The DMR theory has 12 defining variables which have opposing qualities depending on the modality distinguishable in the archaeological record. The idea is to apply the DMR theory to selected archaeological sources consisting of the following find categories: burials, burial sites, central places and monumental burials.
The first find category discussed is the burials and burial sites of the Late Viking Age. This category contains much information relevant to several variables in DMR. When specific combinations of weapons and equestrian grave goods, and special grave constructions, are considered, the evidence seems to suggest that, on a regional level, there are clear similarities between these types of burials, corresponding to the doctrinal modality. Based on an interpretation of similarities existing over a significant time period, it is assumed that a control of the narrative underlines the ritual objects employed. In contrast, the burial sites described in the case studies from the Late Viking Age seem to reflect a hierarchical organization of the burial sites and a distribution of the overall number of grave goods in the graves which shows traits resembling imagistic modality. Since the latter sites show a segmented heterogeneous distribution of grave goods, they are interpreted as an expression of a small-scale, exclusive religious burial system. This is also reflected in the gender and age distribution of the skeletal remains with a secure dating to the Late Viking Age. The material here clearly shows that a large proportion of the living population was denied access to the burial sites, and since almost all skeletal remains were found on burial sites, this is interpreted as corresponding to imagistic modality for the society as a whole.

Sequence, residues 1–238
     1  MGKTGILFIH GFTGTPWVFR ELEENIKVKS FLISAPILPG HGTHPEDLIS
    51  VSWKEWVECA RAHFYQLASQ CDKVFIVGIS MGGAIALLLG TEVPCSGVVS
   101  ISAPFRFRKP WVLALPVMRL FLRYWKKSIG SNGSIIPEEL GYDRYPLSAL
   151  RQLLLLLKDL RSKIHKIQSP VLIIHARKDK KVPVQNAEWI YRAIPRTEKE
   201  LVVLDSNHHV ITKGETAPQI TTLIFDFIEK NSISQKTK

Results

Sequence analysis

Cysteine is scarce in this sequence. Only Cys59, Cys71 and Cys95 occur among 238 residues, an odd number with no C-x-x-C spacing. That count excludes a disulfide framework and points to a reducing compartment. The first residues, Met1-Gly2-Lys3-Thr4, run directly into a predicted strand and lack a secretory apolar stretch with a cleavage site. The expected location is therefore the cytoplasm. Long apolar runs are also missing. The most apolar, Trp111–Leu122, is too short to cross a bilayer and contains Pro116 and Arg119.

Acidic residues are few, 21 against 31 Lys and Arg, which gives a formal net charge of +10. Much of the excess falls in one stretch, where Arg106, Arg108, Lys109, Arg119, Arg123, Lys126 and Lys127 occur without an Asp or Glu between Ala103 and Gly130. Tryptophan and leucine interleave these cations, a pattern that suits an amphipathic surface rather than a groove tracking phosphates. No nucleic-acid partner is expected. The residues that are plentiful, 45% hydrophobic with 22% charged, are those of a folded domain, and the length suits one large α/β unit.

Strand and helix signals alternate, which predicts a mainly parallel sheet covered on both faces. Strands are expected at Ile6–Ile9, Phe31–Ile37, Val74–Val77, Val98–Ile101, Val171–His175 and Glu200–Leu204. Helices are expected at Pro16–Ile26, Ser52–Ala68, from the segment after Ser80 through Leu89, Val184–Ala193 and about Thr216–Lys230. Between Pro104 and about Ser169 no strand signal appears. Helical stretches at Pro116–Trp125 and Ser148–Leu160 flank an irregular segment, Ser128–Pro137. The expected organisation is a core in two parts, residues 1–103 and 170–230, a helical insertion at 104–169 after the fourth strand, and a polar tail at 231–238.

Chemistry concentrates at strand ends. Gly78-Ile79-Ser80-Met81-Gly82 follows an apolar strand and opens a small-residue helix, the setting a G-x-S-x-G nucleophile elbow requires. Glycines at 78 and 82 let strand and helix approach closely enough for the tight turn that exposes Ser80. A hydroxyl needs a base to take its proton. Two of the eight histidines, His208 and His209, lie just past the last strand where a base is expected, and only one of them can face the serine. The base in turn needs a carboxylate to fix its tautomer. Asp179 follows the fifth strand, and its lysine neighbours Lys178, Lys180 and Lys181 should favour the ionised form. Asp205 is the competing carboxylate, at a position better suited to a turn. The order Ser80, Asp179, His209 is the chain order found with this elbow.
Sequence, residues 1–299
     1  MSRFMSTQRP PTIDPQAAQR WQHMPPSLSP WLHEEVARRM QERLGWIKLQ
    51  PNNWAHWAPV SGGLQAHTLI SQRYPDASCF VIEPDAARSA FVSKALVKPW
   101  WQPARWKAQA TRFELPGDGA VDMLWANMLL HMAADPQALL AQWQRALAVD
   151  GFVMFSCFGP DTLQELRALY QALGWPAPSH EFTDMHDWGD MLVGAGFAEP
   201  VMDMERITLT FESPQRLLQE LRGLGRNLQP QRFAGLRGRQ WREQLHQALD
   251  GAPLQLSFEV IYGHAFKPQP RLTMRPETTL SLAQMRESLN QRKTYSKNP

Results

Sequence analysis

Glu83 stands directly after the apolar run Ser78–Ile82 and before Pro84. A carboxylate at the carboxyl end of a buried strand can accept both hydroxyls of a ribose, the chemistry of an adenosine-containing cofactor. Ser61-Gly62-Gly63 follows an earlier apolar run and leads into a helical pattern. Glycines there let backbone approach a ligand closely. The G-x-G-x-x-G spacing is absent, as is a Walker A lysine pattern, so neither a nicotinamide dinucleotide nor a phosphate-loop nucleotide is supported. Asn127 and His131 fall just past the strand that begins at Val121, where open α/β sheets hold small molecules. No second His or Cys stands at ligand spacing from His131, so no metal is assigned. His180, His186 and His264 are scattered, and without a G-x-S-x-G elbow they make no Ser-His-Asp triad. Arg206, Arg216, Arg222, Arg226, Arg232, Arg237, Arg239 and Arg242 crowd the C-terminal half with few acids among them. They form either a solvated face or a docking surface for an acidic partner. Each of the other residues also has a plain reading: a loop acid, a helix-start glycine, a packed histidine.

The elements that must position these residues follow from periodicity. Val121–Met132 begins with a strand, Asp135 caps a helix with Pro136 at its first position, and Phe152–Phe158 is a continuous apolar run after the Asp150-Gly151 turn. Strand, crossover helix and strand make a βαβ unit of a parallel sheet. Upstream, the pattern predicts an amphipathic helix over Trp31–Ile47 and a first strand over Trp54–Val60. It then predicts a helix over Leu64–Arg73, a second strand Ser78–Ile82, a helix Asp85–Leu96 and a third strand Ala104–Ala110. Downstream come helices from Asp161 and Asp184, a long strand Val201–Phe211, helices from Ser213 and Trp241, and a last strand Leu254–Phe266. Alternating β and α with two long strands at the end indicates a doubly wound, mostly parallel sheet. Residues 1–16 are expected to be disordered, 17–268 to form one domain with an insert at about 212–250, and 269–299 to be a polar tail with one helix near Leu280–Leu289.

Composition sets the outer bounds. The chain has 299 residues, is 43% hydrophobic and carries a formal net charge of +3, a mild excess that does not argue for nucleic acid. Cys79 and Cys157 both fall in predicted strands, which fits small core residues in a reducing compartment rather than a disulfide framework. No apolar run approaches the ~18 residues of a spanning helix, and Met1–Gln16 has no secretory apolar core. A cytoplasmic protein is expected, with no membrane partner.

The central places are relevant because it is here we find the remains of cult buildings from the periods leading up to the Viking Age. The archaeological record reveals that there were specific buildings where different rituals were performed over a considerable period of time. The various objects found in the buildings, such as bracteates, gold foil figures and drinking vessels, are mentioned in the context of their religious interpretation. The conclusion reached is that the objects seem to undergo a degree of formalisation towards a more abstract expression, which I claim is based on a greater dependency on narratives in understanding and recognising the images depicted on the objects. This dependency on religious narratives corresponds to the doctrinal modality. On the other hand, the fact that these central places had such long periods of activity, and that they are located within the chieftains’ farmsteads, seems to indicate that the rituals performed within the buildings were not “public” in a broad sense, but were generally exclusive and thus an imagistic trait.